P.S. Kurtz get a life your post sent me to sleep try and read something other than a manual from time to time!!!!!!!!!!
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Old 24th Apr 2007, 12:08
  #57 (permalink)  
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> fat_jimmy: We are capable and we are trying not to kill you so sit back ,
> read the Daily Mail and mind your own buisness!!!!!!

Or better: Come up front and have a litte chat with us in the cockpit
(which, in the case of the aircraft that I fly isn't separated from the cabin anyway - according to the theory of the thread opener we probably shouldn't be allowed to fly at all...)

Greeting, Max

NB: Lateley, I've done mostly express freight and really miss chatting with the guests, the stupid boxes won't talk to me!
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Old 24th Apr 2007, 12:19
  #58 (permalink)  
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Chill pill old son. You might also like to reflect that this website generally tries to respect a bit of decorum.

Takemehome's original question was a fair one. Whilst I think most posters in the thread disagree with him "taking affairs into his own hands" here, it's also reasonable to argue that interested punters can be a help: if the lady who noticed the cracks when boarding the Aloha 737 had piped up, the Maui Convertible might not have flown; if an interested punter had voiced concern about ice on the wings, the Air Florida 737 might not have crashed at Reagan National; since Sep. '01, there have been a few wound-up miscreants detained (at least in part) by other punters in-flight.

The art, my friend, may lie in being able to determine if someone is doing something which is actually dangerous to flight safety (eg. running towards the FD) and not (such as calmly being ushered into the FD with one's children). Some of us have that ability, some of us do not, but these days I'd prefer to err on the cautious side. Who knows if that non-flying pilot had the same things in mind as some other RPT pilots have been believed to have had in recent years? I agree that TMH's views don't count at all in the operation of the flight, but he's entitled to his views and to put them to the PIC. Were I the PIC in that situation, I'd have replied that when I sign the maint release, it's my a/c and within the law, on board my word IS law and that whilst I appreciate having vigilant passengers aboard, I knew the guy, appraised the situation from a flight-safety aspect and decided on an appropriate course of action.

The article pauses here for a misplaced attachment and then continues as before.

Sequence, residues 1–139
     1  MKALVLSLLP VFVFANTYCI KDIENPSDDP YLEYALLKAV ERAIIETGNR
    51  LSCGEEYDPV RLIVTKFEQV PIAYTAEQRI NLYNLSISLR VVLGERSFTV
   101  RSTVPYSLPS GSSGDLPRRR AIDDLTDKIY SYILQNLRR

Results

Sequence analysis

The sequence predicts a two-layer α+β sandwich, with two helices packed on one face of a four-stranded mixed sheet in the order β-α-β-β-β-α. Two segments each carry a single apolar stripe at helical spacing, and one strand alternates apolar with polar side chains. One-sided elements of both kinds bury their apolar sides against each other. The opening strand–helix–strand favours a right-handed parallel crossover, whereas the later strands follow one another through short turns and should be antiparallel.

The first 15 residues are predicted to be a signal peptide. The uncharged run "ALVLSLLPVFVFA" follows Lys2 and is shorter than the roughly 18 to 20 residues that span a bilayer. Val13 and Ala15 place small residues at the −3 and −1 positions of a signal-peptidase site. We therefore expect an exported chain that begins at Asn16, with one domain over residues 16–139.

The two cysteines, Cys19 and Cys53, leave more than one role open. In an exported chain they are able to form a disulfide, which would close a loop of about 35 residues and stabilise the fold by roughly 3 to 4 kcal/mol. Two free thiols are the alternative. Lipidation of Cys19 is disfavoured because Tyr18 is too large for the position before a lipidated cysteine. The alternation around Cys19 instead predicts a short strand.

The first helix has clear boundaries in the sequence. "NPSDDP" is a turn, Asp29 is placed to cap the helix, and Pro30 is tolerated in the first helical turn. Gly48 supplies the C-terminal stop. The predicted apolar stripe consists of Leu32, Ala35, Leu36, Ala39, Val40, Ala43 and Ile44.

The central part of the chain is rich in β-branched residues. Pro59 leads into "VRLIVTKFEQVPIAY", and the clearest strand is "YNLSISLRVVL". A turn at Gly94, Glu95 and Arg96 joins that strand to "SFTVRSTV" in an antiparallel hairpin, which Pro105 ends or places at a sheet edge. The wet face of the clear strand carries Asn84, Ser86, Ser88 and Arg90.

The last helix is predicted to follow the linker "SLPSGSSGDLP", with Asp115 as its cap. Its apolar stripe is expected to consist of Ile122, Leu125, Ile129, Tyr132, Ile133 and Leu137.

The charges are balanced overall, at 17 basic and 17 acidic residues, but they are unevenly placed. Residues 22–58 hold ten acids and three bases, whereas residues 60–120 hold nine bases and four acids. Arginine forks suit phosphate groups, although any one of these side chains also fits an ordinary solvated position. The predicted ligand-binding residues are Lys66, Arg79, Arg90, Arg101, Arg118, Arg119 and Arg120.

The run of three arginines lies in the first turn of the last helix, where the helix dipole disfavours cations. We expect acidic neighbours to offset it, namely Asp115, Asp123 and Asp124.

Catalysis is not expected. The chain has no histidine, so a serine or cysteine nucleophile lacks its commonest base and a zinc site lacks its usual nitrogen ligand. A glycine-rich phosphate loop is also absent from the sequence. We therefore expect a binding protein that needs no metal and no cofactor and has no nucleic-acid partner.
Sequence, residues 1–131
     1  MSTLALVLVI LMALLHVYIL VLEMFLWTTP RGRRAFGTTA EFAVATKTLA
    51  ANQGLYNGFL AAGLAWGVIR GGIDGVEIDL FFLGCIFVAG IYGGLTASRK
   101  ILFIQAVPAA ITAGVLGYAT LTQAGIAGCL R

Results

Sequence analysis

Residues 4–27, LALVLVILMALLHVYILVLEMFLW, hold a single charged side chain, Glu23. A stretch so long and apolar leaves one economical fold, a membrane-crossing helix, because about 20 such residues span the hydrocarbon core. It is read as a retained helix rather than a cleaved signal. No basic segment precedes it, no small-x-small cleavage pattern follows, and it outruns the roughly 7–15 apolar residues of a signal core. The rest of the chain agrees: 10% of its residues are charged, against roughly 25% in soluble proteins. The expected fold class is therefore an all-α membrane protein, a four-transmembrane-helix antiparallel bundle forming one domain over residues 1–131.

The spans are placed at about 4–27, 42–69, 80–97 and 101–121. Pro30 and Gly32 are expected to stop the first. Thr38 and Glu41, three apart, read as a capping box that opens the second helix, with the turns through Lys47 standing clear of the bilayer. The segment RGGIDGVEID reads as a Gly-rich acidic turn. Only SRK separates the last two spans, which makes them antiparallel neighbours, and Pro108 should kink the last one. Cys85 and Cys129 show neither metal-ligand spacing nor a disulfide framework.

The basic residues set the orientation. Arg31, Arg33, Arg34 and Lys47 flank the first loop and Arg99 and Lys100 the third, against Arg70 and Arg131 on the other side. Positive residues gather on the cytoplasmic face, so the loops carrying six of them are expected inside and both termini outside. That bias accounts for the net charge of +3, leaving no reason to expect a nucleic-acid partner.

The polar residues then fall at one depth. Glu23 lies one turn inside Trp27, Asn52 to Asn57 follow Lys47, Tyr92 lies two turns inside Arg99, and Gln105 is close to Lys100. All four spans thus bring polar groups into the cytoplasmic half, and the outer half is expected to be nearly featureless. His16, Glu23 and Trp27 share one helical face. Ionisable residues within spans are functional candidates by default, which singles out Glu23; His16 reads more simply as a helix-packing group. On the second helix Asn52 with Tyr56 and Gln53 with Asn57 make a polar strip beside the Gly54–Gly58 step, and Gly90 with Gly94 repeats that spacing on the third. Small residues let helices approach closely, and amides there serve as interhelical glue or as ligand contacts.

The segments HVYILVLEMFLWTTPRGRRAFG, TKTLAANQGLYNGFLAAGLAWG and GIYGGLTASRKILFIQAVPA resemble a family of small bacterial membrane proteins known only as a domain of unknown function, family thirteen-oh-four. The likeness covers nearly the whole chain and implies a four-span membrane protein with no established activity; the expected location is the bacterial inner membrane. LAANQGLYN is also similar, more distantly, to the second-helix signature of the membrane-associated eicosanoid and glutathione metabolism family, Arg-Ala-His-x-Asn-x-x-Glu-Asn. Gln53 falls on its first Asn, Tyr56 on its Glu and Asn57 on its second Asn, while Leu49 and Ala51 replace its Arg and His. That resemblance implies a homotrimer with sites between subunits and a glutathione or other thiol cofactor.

Blasting away with such invective does nought to further your argument, mate. As SLF, I know that the pilot cannot have his/her own eyes over all of the airframe, so if I see something I consider amiss, I will share my thoughts with the crew. Just like you would, if you (for example) saw a light not working on a mate's car. I would expect cabin crew to pass my comments to the FD - there have been crashes where such information didn't reach the FD, with catastrophic results.

TMH simply asked what the protocol is. The answer to that question is: "there is no single international proticol; it varies amongst countries and carriers. If you want to know what the situation is on your flight, ask when you board".
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Old 24th Apr 2007, 12:20
  #59 (permalink)  

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Whoa fat jimmy...who p*ssed in your pot plant this morning...?
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Old 24th Apr 2007, 13:08
  #60 (permalink)  
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From my point of view as a humble passenger and desperate wannabee, I was recently allowed into the cockpit of a 737 after it had landed at Malaga. IŽd been back to UK to check out flight schools for myself and my daughter and this experience just topped off the whole weekend. WeŽre now even more passionate and, yes, desperate, to fly and should those wonderful pilots be reading this, our sincerest thanks! Next time can we come up there during landing and/or take off? Is this ever allowed these days?